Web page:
A crowd of 70,000 chanted da Silva’s name during the contest, in which he broke the world record four times in six jumps. He was given a standing ovation at the medal presentation and a judge handed him a Brazil flag and told him: “The public wants you to take a walk.” He set off on the first victory lap in Olympic history.

In a 1991 interview da Silva recalled: “I did it with pleasure, because I wanted to thank those who had helped me to win the gold. And that was about it, from then on it began to be known as the victory lap. I still find it difficult to explain the emotion I felt that day.”

In 1993 da Silva was given another huge ovation in Helsinki when he was invited to an athletics meeting. “It was like I had never left,” he said. “Every Finn that I've ever met remembers me as the Hero of Helsinki.”

In Melbourne four years later da Silva trailed Vilhjalmur Einarsson, an unheralded Icelander who broke the Olympic record. But he won easily enough in the end and Einarsson, who was second, went down in Icelandic sporting history as his nation’s first Olympic medallist.

Rosemary Mula was a 15-year-old spectator at the time. There were no Australians in the final so the girls decided to cheer for da Silva, the elegant, cheerful champion.

“Adhemar liked us, he could hear us cheering him, and he would come over and talk to us during the competition,” says Mula. “Later, after he had won, he said he had to go back and thank the kids who had been supporting him. His gold medal was in a box and he let me hold it. It was a magical moment.”

Later in life, when Mula became a dedicated Olympic volunteer, she met da Silva again. He became a close friend of Mula and her husband, Wilf, and stayed at their apartment during the Sydney 2000 Games. Wilf Mula owns several racehorses and he once named one of them after da Silva.

Da Silva’s final Olympic appearance was in Rome, where he was Brazil’s flagbearer at the opening ceremony. The crowd shouted “Orfeu!” at him because of his role in the film, which was popular in Italy. At the age of 33 da Silva finished a disappointing 11th, unaware at the time that he was ill. He was given a standing ovation by the crowd when he departed, a fitting farewell to his athletics career.

After his death the Mulas set up a scholarship that pays for an exchange between Australian and Brazilian schools. He also gives his name to an annual award in Brazilian sport.

Da Silva’s exploits are forever marked by the presence of two gold stars on the badge of the São Paulo football club, the third most popular in Brazil, of which he was a member. They signify his world records in 1952 and 1955, when he won the second of his three Pan American titles.

The triple jump became known as “the Brazilian discipline” because of his exploits, and two more Brazilians, Nelson Prudencio and Joao Carlos de Oliveira, won silver or bronze medals at four successive Games between 1968 and 1980.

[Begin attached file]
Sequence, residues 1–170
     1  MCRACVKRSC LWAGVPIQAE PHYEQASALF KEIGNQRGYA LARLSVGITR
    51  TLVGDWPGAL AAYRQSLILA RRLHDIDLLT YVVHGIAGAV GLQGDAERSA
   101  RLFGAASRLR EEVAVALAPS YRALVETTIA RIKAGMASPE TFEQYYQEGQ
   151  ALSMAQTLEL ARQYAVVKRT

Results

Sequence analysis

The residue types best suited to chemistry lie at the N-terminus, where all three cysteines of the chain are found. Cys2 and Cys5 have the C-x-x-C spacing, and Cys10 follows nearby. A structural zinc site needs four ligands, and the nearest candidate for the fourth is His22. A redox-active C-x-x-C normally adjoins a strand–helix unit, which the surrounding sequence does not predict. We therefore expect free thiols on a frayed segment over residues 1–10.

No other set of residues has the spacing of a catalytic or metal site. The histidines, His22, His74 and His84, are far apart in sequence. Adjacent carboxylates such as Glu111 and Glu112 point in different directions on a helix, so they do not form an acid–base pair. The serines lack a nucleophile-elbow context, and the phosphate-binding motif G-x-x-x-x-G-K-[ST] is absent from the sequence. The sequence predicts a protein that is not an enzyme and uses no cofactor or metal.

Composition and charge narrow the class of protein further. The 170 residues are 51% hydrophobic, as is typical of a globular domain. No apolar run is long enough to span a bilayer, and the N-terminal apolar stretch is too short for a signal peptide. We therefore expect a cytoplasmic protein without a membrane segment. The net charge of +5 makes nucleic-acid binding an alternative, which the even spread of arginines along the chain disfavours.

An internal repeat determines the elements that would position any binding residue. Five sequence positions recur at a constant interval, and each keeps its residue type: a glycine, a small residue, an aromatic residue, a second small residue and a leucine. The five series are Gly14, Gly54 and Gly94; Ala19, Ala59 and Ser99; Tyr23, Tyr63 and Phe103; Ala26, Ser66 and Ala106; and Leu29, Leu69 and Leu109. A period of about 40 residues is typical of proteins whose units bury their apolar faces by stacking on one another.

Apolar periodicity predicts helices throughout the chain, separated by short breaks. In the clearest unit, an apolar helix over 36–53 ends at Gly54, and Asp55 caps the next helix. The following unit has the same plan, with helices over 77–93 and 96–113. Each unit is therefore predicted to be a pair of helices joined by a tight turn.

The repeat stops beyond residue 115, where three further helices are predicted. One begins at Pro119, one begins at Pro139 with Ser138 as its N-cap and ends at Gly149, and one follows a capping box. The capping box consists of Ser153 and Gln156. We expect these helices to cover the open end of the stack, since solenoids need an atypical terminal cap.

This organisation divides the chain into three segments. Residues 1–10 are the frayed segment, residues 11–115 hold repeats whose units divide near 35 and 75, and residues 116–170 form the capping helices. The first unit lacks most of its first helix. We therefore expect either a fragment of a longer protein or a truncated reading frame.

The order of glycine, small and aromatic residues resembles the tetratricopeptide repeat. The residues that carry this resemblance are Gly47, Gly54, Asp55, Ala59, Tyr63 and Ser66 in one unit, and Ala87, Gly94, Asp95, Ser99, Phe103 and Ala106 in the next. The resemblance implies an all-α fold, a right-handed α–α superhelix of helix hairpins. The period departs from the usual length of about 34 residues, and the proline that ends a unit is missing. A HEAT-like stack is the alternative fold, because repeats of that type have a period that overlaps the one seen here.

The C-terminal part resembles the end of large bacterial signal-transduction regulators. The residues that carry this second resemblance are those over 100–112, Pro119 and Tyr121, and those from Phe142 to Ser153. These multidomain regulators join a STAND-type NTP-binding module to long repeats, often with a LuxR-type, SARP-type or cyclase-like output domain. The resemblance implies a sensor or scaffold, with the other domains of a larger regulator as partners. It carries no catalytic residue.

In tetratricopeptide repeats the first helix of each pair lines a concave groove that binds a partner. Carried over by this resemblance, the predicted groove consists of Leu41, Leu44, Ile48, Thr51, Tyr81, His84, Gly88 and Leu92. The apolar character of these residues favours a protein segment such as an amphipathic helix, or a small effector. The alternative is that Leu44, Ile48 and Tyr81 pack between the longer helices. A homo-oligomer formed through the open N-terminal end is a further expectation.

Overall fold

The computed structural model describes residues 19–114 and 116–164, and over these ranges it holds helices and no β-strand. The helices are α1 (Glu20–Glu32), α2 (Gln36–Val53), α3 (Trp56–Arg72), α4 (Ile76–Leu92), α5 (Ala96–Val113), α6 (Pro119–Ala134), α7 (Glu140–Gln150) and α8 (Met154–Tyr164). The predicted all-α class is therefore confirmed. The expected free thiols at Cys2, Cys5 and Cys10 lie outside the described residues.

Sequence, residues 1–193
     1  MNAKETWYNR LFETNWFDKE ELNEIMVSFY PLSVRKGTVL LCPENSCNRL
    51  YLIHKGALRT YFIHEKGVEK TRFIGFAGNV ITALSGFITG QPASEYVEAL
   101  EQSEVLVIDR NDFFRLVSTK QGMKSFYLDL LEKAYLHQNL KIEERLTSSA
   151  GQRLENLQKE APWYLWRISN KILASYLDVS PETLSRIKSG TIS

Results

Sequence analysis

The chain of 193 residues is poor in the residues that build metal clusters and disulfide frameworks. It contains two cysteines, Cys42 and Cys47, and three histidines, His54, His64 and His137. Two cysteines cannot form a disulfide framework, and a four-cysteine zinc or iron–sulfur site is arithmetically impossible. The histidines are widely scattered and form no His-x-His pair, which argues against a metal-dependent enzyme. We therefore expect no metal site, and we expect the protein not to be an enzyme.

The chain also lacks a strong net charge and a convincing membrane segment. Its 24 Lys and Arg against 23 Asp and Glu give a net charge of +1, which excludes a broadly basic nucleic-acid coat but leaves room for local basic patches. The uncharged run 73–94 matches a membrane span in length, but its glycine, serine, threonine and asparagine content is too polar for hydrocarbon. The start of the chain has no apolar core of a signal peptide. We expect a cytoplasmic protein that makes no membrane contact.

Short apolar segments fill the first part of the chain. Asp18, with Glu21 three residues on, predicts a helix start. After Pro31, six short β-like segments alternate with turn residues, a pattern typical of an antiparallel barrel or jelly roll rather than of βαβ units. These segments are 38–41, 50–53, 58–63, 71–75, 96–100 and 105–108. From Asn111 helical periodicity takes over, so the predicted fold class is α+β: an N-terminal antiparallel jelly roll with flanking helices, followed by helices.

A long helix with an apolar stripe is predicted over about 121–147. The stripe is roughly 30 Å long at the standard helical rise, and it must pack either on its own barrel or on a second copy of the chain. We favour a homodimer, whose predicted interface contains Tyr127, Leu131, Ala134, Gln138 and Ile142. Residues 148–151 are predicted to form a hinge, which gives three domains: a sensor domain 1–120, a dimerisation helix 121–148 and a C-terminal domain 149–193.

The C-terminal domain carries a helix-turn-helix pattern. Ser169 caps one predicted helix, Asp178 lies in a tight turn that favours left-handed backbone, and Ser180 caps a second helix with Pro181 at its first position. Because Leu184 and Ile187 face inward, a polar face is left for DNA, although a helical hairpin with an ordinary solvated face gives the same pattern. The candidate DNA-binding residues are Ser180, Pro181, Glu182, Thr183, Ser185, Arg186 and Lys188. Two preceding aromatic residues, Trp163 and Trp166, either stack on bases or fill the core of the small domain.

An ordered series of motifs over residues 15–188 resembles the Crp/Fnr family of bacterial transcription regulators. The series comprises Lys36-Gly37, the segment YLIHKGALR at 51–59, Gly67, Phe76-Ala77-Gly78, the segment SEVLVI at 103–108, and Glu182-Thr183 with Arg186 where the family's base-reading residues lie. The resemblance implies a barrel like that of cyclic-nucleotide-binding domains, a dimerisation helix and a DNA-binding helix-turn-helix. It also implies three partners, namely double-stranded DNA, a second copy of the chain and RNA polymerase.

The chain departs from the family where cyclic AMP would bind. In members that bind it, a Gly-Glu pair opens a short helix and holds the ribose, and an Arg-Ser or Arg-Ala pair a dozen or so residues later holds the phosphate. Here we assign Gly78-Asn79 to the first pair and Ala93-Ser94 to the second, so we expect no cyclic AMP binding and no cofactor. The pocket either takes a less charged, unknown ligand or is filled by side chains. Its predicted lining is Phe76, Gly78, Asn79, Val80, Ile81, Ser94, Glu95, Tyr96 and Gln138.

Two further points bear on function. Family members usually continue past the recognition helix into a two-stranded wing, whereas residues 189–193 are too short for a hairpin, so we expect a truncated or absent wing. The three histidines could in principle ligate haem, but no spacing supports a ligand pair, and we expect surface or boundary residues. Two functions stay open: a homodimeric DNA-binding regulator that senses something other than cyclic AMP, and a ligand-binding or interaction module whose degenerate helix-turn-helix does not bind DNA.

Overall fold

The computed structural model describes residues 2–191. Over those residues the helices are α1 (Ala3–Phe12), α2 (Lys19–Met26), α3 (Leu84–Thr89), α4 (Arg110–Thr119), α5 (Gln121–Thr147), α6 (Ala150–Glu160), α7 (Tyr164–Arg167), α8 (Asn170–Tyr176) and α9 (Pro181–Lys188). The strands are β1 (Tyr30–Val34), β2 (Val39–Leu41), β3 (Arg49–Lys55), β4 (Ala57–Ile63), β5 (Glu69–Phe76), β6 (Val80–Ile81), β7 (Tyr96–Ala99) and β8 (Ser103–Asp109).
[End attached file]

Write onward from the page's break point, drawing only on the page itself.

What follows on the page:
His home city is the base for the Jump for Life Institute set up by his family to provide opportunities in sport to disadvantaged children.

The aim of Jump for Life is to introduce young people from deprived areas to athletics. The Institute, sponsored by a bank, reached out to one school when it started three years ago and now has a presence in 17 schools. “The next project is to teach PE teachers how to coach the kids,” said Adyel.

She and her fellow workers at the Institute are doing exactly what da Silva tried to do for much of his life - taking athletics to children to give them a sporting chance.

Their current focus is on a region of high deprivation, Vale do Ribeira. “You can find great athletes there, but they know nothing about track and field,” said Adyel.

Adyel’s son Diego married Rosemar Coelho Neto Menasse, who is an inspiration to the children they work with. She is from Vale do Ribeira and became an Olympic sprinter who stands to win a medal. She was in the Brazil team that finished fourth in the 2008 final and the winners, Russia, may be disqualified for retrospective doping positives.

“It’s beautiful to see the small children listening to her, enraptured,” said Adyel. “She is quite a celebrity to them because she is one of them. People in Brazil don’t realise how important sport is as a social tool. My father was always aware of that.

“We want to hire coaches to coach the teachers so they can bring those children through in track and field. Our Institute is not big, nor is our budget. We are not setting out to search for Olympic gold medallists, we’re looking for children who, through athletics, can make a jump in their own life, to find something they want to do and do their best.”

Champions are there to be found, though, said Adyel. “It’s a shame, because in a country the size of Brazil we could have the best athletes. In Brazil, football is sport, and sport is football.

“Last week Rosemar brought one of the children from Vale do Ribeira for trials and all the coaches wanted to train her. There is so much athletic talent here in Brazil. Let’s find the best, let’s want the best.”

At the Rio Games, no Brazilian has qualified for the triple jump and the final at the Maracanã is given a lowly billing, scheduled at 9.50am on Tuesday. The da Silva family will have to watch it on television.

“I can’t understand it,” said Adyel. “The Olympic Games now are all about business, so different from the Games my father went to. They don’t have any respect for memory, which is the opposite of what we do at the Institute.

“Some histories must be told. My father had a beautiful story, the only Brazilian in the twentieth century to win two gold medals, an inspiration to ordinary people. They had a chance to name something in his honour when Brazil hosted the Pan American Games in 2007 but they did nothing. I thought okay, they are waiting for the Olympic Games this year. But no. Nothing.”